As the clocks go back and the dark nights draw in, it is time to reflect on a year that has signalled the start of a brighter future for Britain.
What better place to start than the most recent installment of the James Bond series? Daniel Craig's effortless performance as Bond has almost certainly reinvented the great British franchise. We are initially drawn to a Bond who is battered and bruised, lost and seeking redemption. A Bond who feels pain, who cries, who even shockingly feels the full force of an opposing bullet. We see a national treasure at his lowest point and, as an audience, we experience his return to greatness.
Leaving the cinema, I felt an overwhelming sense of relief. A sense of achievement. Not because our blue-eyed Bond had foiled the evil schemes of a peroxide partisan but because the film captured a true sense of contemporary British identity. I was half expecting to see General Monty dressed in a black Odeon polo shirt, ushering the crowds out of the cinema and thanking us, not for paying to see the film, but for simply being British.
It seems this patriotic feeling has been bubbling underneath the surface of British society for a while now. In the pages of history, the first decade of the new millennium (or the 'noughties', as it is unbearably referred to) will be overshadowed by the global financial crisis, the disastrous invasion of Iraq, the end of Western Primacy, the euro crisis, global warming, terrorism, the coldest winter in history, the wettest month in history, the wettest and coldest most miserable month since records began.
But recently, something has changed.
Since 2010, even British fashion has witnessed a sharp resurgence. We are no longer talking about New York or Paris or Milan. The words on everybody's lips are London, Savile Row, Spitalfields. We are no longer embarrassed by our eclectic double-breasted suits and leather-soled brogues (ironically Bond opted for a Tom Ford but we shan't dwell on that). We have embraced our heritage. It is no surprise that Barbour - another British brand that featured in Skyfall - has experienced a huge increase in profits over the past two years. And it's not because everyone has bought a shot-gun and a flat cap and wants to go game shooting, although I'm sure some have. It is because in tough times we often look inwards. In an increasingly globalised world people seek a renewed sense of British identity.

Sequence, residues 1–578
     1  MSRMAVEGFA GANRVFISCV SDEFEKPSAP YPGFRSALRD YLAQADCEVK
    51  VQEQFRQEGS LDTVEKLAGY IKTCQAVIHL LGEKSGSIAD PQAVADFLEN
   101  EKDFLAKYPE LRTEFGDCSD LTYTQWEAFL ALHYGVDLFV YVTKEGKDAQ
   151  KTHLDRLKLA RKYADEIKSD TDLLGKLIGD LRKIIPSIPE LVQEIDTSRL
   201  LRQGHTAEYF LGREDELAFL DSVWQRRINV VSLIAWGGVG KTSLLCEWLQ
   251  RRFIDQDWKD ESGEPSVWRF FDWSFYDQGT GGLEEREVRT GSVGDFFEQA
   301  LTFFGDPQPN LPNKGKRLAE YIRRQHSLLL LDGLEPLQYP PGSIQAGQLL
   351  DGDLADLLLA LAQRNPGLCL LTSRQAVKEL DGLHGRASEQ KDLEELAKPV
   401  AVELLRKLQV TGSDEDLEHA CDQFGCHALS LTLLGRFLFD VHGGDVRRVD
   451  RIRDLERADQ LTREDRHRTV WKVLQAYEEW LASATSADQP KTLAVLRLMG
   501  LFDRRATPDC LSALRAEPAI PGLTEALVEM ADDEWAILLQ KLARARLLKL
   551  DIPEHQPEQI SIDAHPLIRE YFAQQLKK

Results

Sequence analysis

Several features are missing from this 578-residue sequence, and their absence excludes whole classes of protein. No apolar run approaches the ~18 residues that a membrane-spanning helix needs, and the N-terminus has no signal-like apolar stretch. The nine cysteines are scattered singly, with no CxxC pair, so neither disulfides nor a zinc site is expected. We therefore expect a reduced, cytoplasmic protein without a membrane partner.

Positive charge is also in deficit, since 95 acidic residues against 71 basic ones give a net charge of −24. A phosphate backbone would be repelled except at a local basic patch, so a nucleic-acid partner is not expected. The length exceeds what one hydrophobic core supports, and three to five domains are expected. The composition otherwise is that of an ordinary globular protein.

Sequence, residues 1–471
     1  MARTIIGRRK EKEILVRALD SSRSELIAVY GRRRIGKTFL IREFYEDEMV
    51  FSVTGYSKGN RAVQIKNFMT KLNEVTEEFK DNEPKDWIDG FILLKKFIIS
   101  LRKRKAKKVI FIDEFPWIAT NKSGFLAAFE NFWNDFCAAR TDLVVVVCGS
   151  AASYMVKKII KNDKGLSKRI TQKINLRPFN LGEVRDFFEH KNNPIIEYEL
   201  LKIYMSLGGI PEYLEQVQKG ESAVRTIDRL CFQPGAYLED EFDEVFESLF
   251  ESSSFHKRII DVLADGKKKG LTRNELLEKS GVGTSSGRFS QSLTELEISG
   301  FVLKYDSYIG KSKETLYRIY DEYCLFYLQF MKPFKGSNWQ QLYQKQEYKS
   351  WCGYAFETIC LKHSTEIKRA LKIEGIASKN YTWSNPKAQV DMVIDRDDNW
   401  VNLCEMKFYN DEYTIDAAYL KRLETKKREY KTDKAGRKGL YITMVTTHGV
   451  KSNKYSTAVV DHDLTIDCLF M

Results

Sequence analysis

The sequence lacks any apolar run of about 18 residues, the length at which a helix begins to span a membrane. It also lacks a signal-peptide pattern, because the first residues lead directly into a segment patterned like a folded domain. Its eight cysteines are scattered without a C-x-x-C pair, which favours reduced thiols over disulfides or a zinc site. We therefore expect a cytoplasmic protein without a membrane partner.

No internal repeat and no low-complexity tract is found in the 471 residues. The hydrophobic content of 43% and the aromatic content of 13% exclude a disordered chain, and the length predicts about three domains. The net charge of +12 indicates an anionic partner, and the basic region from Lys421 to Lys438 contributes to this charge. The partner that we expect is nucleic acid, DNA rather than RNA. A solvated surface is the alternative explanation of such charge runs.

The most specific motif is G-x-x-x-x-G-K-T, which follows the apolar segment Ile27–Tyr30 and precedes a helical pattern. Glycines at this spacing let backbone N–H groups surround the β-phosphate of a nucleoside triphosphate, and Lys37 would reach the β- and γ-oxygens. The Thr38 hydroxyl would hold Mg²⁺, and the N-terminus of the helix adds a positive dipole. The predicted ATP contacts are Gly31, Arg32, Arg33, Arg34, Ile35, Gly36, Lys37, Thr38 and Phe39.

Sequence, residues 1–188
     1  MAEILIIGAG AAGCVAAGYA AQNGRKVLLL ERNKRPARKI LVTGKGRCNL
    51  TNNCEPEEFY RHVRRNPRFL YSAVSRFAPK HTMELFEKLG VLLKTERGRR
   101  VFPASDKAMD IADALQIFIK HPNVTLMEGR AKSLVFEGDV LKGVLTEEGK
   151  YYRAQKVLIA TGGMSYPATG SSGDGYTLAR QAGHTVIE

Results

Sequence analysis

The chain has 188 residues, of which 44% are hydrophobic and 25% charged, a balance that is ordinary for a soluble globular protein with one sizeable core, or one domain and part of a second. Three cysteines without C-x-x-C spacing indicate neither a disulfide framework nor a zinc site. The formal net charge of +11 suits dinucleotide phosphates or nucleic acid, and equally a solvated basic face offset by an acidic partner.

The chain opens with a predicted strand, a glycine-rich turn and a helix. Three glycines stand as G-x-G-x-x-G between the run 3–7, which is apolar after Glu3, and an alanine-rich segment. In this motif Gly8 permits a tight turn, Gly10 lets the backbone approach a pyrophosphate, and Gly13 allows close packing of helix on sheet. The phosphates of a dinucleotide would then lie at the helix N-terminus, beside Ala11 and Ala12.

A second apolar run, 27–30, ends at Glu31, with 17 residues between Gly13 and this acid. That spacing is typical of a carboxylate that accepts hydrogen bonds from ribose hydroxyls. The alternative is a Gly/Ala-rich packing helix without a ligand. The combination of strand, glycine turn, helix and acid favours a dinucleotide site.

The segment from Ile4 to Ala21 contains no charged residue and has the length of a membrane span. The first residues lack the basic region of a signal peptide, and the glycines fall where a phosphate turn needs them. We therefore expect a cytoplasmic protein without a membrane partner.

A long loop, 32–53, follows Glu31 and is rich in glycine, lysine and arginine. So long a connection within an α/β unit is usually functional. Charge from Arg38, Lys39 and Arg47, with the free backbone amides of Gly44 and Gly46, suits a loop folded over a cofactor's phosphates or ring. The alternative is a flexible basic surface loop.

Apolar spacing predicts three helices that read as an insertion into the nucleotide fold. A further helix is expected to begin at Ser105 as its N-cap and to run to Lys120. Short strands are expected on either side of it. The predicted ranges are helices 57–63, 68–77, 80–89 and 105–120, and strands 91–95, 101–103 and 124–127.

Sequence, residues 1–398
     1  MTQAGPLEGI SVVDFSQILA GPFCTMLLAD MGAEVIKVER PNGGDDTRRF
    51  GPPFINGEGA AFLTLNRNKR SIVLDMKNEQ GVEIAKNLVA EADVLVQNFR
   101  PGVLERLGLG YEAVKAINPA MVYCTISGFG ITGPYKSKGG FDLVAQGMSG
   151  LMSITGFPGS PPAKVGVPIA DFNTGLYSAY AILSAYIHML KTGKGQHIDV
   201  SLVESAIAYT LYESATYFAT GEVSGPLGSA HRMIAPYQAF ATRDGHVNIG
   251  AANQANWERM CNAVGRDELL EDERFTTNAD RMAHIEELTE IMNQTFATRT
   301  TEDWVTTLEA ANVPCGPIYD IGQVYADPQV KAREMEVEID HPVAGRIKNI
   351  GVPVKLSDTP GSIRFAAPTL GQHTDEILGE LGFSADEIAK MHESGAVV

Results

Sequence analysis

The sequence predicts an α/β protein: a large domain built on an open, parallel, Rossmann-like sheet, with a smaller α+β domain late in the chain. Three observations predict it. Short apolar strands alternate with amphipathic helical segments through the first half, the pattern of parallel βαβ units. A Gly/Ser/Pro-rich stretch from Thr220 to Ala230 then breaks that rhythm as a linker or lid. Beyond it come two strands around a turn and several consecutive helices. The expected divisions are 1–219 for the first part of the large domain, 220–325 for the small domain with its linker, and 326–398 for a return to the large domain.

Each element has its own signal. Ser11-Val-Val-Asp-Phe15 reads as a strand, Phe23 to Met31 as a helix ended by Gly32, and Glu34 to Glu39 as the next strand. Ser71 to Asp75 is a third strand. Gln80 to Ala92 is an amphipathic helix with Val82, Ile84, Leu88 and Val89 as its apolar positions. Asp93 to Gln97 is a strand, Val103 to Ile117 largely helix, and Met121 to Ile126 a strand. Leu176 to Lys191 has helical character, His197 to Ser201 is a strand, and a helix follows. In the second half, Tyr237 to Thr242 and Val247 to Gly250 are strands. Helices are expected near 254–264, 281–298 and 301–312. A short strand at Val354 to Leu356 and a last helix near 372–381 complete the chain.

2012 will be remembered as a year when Britain became British again. In Skyfall, Bond, M and the iconic DB5's journey through the meandering, foggy roads of the Scottish Highlands serves as a compelling metaphor for British society. For years we have been on a seemingly never ending road of social misery and economic depression. The collapse of Northern Rock and the London riots were flashpoints on a path engulfed by the mist of despair. But as we now emerge from the fog we, like Bond standing before his childhood home, are confronted by our past, our heritage; what brings us to this point.
This year has been a turning point for Britain.
As Craig so sullenly states in the film, we have experienced "resurrection". 2012 has seen victory for Wiggins in the Tour de France, Murray in the US Open and Team GB in the Olympics. Elizabeth II celebrated her Diamond Jubilee and the nation became transfixed with the culinary masterpiece that was the Great British Bake-Off.
Skyfall gave a nod both to its past and its future, and hopefully the momentum of this film can be carried forward to the next. Mendes has skilfully captured a cultural moment in time and it marks a great British ending to a rather Great British year.
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